Ultra high frequency systems typically operate between 865MHz and 960MHz. Unlike LF or HF based systems, UHF systems are based on an operating principal known as 'backscatter coupling', where the reader uses a dipole antenna that transmits electromagnetic waves, creating mostly magnetic power, which is modulated and reflected from the dipole antenna of the tag (or transponder). This electromagnetic wave propagation is used for data transmission and powering the tags, thus making them passive. Unlike inductive based systems, the signal can create a 'dead zone' where a tag may not be powered or detected. Most UHF systems today are based on 'Gen 2' hardware which provides multiple frequency capability, making these systems very flexible in complying with international radio spectrum frequency usage restrictions.

Some of the advantages of UHF over its LF or HF counterparts are that it can be used for much longer read/write distances, as far as 4-5m reliably and sometimes farther depending on antenna and tag designs. Because of the nature of the propagating wave transmission method, UHF can also be reflected off conductive or partially conductive surfaces such as metal, water or concrete. This reflection property can be helpful by causing the waves to be redirected around objects allowing greater flexibility. But this can also be a disadvantage when trying to isolate a specific tag when a large quantity of tags are present in the field. Newer 'near field' forms of UHF are entering the market that may help resolve this condition.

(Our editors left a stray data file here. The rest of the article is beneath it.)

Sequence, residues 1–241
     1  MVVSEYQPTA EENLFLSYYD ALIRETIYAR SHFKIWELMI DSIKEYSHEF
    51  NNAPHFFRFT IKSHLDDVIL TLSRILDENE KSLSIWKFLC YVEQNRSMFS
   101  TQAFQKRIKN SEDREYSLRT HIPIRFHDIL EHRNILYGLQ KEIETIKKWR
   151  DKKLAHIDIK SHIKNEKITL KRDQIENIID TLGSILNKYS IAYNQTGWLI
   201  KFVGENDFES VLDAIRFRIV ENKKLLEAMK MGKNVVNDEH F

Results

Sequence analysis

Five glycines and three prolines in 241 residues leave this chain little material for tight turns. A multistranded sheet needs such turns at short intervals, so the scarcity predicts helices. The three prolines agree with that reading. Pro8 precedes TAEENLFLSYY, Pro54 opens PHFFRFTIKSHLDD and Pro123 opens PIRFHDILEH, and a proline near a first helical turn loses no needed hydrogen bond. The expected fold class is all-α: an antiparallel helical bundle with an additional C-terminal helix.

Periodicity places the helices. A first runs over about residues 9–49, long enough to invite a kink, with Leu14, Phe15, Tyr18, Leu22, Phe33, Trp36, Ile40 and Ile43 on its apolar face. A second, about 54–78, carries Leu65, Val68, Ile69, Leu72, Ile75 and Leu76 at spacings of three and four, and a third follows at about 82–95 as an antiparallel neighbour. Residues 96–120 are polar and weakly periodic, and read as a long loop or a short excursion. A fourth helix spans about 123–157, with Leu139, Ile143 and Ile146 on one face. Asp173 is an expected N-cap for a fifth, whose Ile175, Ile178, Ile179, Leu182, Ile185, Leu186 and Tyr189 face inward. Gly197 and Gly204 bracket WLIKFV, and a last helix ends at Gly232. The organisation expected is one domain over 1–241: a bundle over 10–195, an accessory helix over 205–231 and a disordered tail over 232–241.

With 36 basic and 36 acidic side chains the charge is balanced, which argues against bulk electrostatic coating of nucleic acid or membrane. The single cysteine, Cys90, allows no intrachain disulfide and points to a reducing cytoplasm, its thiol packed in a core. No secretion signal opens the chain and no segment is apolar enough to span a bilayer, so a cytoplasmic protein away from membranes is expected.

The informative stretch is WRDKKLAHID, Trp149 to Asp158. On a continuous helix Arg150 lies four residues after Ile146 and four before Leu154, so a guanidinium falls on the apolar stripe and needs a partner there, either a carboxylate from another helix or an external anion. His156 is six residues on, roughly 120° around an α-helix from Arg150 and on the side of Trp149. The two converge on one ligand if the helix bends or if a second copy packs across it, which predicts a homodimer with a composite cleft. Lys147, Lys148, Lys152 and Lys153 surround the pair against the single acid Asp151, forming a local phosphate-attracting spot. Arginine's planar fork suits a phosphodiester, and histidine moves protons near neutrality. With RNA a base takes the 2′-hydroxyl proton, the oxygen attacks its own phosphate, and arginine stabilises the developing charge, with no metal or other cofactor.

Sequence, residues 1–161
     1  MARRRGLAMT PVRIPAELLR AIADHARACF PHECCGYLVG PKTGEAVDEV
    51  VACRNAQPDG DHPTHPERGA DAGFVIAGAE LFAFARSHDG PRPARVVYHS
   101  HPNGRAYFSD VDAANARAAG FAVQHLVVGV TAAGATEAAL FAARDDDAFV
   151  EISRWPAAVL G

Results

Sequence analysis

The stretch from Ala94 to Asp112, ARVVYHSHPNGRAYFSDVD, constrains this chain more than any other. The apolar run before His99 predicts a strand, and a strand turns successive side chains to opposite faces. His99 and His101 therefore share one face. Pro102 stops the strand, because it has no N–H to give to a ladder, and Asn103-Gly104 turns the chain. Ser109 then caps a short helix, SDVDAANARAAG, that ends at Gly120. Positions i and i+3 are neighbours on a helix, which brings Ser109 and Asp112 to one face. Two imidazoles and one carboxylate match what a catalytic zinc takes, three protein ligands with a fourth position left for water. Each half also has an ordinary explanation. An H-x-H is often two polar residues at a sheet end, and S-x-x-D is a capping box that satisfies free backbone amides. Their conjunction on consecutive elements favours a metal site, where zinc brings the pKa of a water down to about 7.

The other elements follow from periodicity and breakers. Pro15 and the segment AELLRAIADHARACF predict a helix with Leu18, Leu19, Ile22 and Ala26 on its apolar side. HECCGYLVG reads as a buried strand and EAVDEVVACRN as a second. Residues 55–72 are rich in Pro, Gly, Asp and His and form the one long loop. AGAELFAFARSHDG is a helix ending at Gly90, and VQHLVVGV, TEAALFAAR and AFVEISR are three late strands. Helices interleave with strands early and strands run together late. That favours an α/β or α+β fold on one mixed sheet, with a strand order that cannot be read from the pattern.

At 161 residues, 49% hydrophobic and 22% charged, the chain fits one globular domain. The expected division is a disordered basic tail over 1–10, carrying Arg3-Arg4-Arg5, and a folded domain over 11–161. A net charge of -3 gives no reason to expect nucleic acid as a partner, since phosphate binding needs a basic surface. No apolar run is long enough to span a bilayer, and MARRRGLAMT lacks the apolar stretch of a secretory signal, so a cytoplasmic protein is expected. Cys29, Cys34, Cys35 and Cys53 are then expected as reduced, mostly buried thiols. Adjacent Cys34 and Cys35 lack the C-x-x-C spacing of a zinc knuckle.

Read and write speeds with UHF can vary greatly and many vendors claim reads of 20 to 1000 per second can be achieved. But be careful because many factors can significantly reduce the reliability of such claims. Often the only way to determine a reliable read rate is to perform a site survey and actually test the system's performance.

We can see, then, that choosing an RFID system can seem a daunting task. With each passing year, more options become available. Due to the nature of the infrastructure required to implement even a small RFID installation, choosing the wrong technology will have expensive and unreliable data collection consequences. The best recommendation is to not buy looking at cost alone. After all, the most important part of an RFID system is its ability to move and store data reliably. Without reliable data, everything else is inconsequential.